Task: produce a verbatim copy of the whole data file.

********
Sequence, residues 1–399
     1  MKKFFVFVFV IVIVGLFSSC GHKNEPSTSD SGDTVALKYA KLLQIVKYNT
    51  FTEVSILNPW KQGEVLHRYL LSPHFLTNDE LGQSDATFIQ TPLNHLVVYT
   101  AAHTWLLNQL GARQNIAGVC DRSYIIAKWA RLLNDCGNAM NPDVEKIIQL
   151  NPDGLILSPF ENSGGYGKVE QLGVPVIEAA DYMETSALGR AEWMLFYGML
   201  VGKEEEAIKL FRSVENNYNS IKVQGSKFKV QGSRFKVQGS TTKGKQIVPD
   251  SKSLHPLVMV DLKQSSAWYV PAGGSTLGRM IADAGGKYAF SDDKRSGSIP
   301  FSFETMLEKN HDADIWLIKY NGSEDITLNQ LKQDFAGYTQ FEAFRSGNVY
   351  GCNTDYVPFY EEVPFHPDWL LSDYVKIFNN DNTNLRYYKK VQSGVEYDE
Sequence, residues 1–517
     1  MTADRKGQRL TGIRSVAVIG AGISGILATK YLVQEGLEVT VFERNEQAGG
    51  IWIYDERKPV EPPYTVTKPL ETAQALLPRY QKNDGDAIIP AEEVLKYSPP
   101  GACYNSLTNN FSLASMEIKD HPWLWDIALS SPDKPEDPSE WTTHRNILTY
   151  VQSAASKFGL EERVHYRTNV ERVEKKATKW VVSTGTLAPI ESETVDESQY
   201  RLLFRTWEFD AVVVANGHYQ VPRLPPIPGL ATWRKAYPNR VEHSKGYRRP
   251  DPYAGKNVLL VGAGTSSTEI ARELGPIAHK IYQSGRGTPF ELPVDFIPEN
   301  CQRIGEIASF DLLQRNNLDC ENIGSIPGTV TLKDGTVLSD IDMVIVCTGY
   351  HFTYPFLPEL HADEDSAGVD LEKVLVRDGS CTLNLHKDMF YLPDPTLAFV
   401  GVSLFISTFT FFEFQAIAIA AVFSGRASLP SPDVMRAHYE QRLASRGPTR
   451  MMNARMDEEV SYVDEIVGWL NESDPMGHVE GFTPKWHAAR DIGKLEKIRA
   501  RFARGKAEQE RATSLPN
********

Sequence, residues 1–399
     1  MKKFFVFVFV IVIVGLFSSC GHKNEPSTSD SGDTVALKYA KLLQIVKYNT
    51  FTEVSILNPW KQGEVLHRYL LSPHFLTNDE LGQSDATFIQ TPLNHLVVYT
   101  AAHTWLLNQL GARQNIAGVC DRSYIIAKWA RLLNDCGNAM NPDVEKIIQL
   151  NPDGLILSPF ENSGGYGKVE QLGVPVIEAA DYMETSALGR AEWMLFYGML
   201  VGKEEEAIKL FRSVENNYNS IKVQGSKFKV QGSRFKVQGS TTKGKQIVPD
   251  SKSLHPLVMV DLKQSSAWYV PAGGSTLGRM IADAGGKYAF SDDKRSGSIP
   301  FSFETMLEKN HDADIWLIKY NGSEDITLNQ LKQDFAGYTQ FEAFRSGNVY
   351  GCNTDYVPFY EEVPFHPDWL LSDYVKIFNN DNTNLRYYKK VQSGVEYDE
Sequence, residues 1–517
     1  MTADRKGQRL TGIRSVAVIG AGISGILATK YLVQEGLEVT VFERNEQAGG
    51  IWIYDERKPV EPPYTVTKPL ETAQALLPRY QKNDGDAIIP AEEVLKYSPP
   101  GACYNSLTNN FSLASMEIKD HPWLWDIALS SPDKPEDPSE WTTHRNILTY
   151  VQSAASKFGL EERVHYRTNV ERVEKKATKW VVSTGTLAPI ESETVDESQY
   201  RLLFRTWEFD AVVVANGHYQ VPRLPPIPGL ATWRKAYPNR VEHSKGYRRP
   251  DPYAGKNVLL VGAGTSSTEI ARELGPIAHK IYQSGRGTPF ELPVDFIPEN
   301  CQRIGEIASF DLLQRNNLDC ENIGSIPGTV TLKDGTVLSD IDMVIVCTGY
   351  HFTYPFLPEL HADEDSAGVD LEKVLVRDGS CTLNLHKDMF YLPDPTLAFV
   401  GVSLFISTFT FFEFQAIAIA AVFSGRASLP SPDVMRAHYE QRLASRGPTR
   451  MMNARMDEEV SYVDEIVGWL NESDPMGHVE GFTPKWHAAR DIGKLEKIRA
   501  RFARGKAEQE RATSLPN